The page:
Monday, July 7th, 2014
There’s something so satisfying about having a handsome young man come to the table bearing a sword of sizzling meat, a large chef’s knife and a chef’s jacket that’s seen some serious kitchen action, and say, “Hello, I’m your gaucho for this evening.”
Biteclub’s been slow on the take for the opening of Brasa, a Brazilian churrascaria and brewpub that recently opened in downtown Santa Rosa, but the World Cup sparked an interest in celebrating all that is Brazilian. Meaning lots of meat, strong caipirinhas and pao de Queijo—a dreamy cheese bread.
For the uninitiated, churrascaria roughly translated from Portuguese describes meat, fish or produce cooked on a skewer over a hot grill. Think steakhouse meets a hot spit.
What you’re there for is the never-ending meat parade, or rodizio. For $40 (per person), you’ll get a salad, vegetable, rice, cheese bread, beans, fried plantains and yucca, and all the steak, pork loin, bacon-wrapped chicken you can eat. Just in case you missed that: All you can eat meat.
Gauchos come by the table every 5 minutes or so with more sharp implements than Edward Scissorhands, and slice or slide off a fresh batch of sizzling, crispy deliciousness. Unless, of course, you flip your coaster-sized sign to red. Then they’ll hold off while you stuff down the growing pile of carnivorousness before you. Flip it back to green, and the gauchos will continue to feed you. Until you cry for mercy. And you will.
The secret to effective churrascaria-eating is to come hungry, not power-nosh the pre-meat courses (you’ll want to, but be strong) and pace yourself. The rodizio at Brasa includes top sirloin, garlic-marinated sirloin, bacon-wrapped chicken breast, garlic chicken thighs, chicken and pork sausages, pork loin with Parmesan cheese, grilled pineapple and New York strip steak. Let me again say, go slow.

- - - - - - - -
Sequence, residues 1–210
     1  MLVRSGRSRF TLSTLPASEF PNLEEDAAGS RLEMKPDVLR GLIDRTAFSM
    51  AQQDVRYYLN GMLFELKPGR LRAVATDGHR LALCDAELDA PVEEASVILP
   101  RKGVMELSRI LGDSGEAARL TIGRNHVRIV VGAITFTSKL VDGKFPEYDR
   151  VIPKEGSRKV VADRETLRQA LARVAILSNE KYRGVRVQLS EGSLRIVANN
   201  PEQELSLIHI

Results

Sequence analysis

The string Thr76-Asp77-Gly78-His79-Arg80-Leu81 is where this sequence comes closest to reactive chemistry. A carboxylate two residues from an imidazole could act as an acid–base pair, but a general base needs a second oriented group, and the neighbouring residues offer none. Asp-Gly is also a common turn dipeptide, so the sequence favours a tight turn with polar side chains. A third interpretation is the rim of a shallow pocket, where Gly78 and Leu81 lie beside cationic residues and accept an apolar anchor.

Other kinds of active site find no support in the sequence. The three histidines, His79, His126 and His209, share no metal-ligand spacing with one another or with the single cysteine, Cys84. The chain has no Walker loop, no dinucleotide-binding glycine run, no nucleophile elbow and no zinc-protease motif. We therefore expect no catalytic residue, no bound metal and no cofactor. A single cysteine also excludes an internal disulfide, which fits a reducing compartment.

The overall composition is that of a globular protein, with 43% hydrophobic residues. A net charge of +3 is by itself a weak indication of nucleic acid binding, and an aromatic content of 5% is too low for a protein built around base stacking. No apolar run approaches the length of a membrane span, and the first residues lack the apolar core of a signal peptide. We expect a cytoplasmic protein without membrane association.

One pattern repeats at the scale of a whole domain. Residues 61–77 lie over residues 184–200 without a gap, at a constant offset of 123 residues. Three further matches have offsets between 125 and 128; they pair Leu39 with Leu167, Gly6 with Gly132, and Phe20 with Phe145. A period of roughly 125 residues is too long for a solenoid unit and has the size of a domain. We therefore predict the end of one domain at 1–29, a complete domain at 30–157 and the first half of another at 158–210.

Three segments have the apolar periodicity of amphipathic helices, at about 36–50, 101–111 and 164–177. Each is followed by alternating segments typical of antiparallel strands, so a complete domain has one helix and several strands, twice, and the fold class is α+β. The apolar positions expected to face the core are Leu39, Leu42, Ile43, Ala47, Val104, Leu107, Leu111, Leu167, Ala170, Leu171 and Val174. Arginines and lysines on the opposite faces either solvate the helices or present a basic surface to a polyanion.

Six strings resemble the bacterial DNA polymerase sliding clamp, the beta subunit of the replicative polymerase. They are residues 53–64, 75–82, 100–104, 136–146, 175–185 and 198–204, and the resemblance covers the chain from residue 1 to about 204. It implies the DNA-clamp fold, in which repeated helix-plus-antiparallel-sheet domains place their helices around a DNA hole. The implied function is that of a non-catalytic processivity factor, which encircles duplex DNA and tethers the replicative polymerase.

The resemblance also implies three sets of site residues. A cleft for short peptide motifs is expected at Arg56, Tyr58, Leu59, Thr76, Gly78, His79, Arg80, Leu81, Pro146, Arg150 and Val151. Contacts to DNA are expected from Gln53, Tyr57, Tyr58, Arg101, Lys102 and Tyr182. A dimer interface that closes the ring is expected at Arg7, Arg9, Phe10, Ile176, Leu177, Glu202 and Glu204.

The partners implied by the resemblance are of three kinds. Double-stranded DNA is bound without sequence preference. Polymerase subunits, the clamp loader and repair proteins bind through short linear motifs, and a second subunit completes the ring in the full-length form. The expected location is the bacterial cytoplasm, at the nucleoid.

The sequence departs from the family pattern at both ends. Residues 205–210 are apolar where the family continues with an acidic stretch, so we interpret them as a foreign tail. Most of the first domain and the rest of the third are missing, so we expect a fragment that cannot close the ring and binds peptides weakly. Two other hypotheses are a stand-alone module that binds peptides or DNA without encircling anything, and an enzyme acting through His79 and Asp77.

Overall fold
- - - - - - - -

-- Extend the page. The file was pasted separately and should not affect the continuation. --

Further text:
For my money, best bets are the pork loin, garlic sirloin, steak and pineapple. Oh, the pineapple. Smokey, a bit charred and infused with tasty meat drippins’. Chew on that for a minute, then un-invite your vegetarian friends.
An important note here: You cannot take any leftovers from the rodizio home. It’s not explained on the menu and Biteclub got burned after hoarding a few bites of each of the meats to sample again the next day. And the next. Sadly it was all whisked away, headed for (sob) the trash. Super bummer.
Leave room for one of the best desserts ever dreamed up: Chocolate and Brazilian carmel covered strawberries ($8). It’s like the best bon-bon you’ve ever eaten and worth every penny.
There’s a full bar, expansive outdoor seating and a lovely lounge area with comfy seats and low tables for eating a nibble or two with your cocktail.
As a side note: All the meats ($7-$8), fried yucca ($6), and cheese bread ($5) are also available a la carte, once you’ve really narrowed in on what you like best. Skip the salads (yawn) and vegetable dishes (double yawn). You’re here for meat, after all. There are also pizzas (a killer oven was left over from the last occupant), but honestly, you’re here for the meat. And your own, personal, gaucho.
Brasa Churrascaria and Brew Pub, open Tuesday through Sunday, 5:30p.m. to 10:30p.m. for dinner (later for cocktails and lounge). Throughout the World Cup, they’ll also be offering an abbreviated lunch menu from 12 to 3.m. on match days when the games start after noon. 505 Mendocino Ave., Santa Rosa, (707) 623-9382, thebrasa.com.